Pinyin Hanzhong city in southern Shensi Province (sheng), China. It is a county-level municipality (shih) and the administrative centre of Han-chung Prefecture (ti-ch'). Han-chung is situated in a long, narrow, and fertile basin along the Han Shui (river), between the Tsinling Shan (mountains) and Mi-ts'ang Shan. To the north one of the few routes across the Tsinling Shan joins it to Pao-chi in Shensi, while southwestward a route leads into Szechwan Province. The route into Szechwan was traditionally an important one, linking the Wei Ho (river) Valley, seat of successive dynastic capitals, with the rich Szechwan Basin. The route was first constructed to take carriage traffic under the Ch'in in the 3rd century BC. In early historical times the area had belonged to the Ch'u state, based on the Middle Yangtze River region. It was annexed in 325 BC by the Ch'in and established as Han-chung Commandery (chn). On the collapse of the Ch'in in 206 BC, the future founder of the Han was installed as prince of Han-chung; the Han dynasty takes its name from that of the Prince's fief. Throughout the ages Han-chung has remained the administrative centre of the mountainous frontier district between Szechwan, Kansu, and Shensi provinces and was a place of major strategic importance, constituting the key to control of Szechwan. During the Three Kingdoms period (AD 220264) it was a battleground between the northern state of Wei and the Szechwanese kingdom of Shu. At this time it was given the name of Liang-chou, which it held intermittently until the 10th century. In 782 it was given the name of Hsing-yan to commemorate the fact that the T'ang emperor Te II Tsung (reigned 780805) took refuge there during the rebellions of 781785 and used the city as a base for his recapture of the capital. Under the Sung dynasty (9601279) it was the capital of Li-chou Province. Incorporated in the northern empire of Chin after 1127, it was the site of crucial battles in the 13th century with the Mongols, who inflicted crushing defeats on the Chin forces in this area. Under the Mongol (Yan) dynasty (12791368) it again took the provincial name Hsing-yan, but in 1368 the Ming dynasty (13681644) renamed it Han-chung, which it has been ever since. It remained a superior prefecture (fu) until 1912, when it became a county (hsien) seat. The surrounding area was originally wild virgin forest, and it was very sparsely populated until the 17th century, when the use of new cropscorn (maize) and sweet potatoes in particularmade the cultivation of the hill slopes possible. A wave of immigration from Szechwan and the Middle Yangtze region, as well as from other areas, followed, and its population grew rapidly until the 19th century. Han-chung's traditional role as a transportation centre was somewhat lessened by the construction in the early 1950s of a rail link from Pao-chi to Ch'eng-tu (Szechwan), which by-passed the city about 70 mi (110 km) to the west. Han-chung remains the principal agricultural market and collecting centre for southern Shensi. The area produces timber and forest products as well as rice, corn, tea, and a wide range of fruits. It has minor light industries, among which the cotton textile industry is the most important. Pop. (1982) 374,270.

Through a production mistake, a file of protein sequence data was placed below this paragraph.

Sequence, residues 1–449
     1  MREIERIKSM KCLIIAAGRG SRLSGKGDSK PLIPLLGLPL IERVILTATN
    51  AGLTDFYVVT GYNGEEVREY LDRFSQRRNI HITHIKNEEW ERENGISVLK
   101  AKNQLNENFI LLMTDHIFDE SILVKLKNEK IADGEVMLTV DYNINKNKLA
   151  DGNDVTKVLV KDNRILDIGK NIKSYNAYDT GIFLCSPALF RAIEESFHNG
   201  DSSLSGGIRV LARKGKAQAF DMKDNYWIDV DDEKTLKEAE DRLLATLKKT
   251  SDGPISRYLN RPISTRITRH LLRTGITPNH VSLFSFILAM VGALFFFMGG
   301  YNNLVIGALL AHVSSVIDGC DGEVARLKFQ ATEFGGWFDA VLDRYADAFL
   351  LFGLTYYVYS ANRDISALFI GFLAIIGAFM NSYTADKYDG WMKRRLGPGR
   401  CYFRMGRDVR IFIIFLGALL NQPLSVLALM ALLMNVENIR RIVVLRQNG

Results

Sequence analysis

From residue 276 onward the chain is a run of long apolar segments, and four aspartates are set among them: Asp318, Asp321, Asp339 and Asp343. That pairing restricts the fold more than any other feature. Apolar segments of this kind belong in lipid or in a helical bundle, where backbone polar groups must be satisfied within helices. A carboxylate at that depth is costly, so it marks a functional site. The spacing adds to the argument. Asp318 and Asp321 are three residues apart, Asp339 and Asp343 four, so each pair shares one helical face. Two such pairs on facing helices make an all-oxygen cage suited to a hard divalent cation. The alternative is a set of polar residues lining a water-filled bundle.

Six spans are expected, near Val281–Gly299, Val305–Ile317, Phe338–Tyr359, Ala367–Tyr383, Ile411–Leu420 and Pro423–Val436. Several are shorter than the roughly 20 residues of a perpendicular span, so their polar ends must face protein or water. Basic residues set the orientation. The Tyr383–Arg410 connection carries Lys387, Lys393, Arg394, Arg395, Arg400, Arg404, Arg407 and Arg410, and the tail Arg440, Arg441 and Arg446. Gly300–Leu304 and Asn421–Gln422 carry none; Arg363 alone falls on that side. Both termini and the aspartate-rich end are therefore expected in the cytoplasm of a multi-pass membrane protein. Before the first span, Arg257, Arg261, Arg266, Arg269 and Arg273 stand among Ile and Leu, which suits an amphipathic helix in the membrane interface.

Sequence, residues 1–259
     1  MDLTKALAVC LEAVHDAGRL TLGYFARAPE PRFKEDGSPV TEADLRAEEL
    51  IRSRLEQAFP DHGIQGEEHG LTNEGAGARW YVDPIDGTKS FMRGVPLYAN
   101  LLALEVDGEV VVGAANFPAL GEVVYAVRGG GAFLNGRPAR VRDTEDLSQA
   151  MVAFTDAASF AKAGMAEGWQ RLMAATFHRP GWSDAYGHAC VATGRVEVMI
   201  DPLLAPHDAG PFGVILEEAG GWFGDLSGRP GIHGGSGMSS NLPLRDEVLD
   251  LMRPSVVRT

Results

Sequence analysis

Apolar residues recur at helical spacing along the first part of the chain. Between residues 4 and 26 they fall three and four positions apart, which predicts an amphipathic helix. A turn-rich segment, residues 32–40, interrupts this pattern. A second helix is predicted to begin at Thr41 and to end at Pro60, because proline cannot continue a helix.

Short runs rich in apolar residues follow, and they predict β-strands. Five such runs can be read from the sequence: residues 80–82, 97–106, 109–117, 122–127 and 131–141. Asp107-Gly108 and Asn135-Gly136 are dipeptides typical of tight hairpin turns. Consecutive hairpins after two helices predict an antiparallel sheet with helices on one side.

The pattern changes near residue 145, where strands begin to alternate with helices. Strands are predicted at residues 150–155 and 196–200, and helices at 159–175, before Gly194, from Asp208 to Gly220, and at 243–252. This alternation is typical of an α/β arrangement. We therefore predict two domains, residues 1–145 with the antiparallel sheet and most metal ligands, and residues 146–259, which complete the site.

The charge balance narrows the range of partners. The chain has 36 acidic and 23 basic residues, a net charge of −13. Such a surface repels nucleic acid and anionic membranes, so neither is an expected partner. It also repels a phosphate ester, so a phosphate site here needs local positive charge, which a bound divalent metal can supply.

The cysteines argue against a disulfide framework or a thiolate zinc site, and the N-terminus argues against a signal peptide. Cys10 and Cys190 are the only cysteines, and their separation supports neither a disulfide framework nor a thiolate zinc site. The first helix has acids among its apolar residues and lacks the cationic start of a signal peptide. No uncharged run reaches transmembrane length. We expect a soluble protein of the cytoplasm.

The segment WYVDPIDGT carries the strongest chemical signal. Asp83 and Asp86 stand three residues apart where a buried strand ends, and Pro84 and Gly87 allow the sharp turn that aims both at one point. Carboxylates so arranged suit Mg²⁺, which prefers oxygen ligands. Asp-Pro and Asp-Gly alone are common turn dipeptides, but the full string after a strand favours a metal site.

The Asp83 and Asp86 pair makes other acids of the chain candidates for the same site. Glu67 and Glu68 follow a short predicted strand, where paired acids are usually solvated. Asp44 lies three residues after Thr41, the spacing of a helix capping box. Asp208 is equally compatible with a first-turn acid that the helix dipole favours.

Meaning of HAN-CHUNG in English
Britannica English vocabulary. Английский словарь Британика. 2012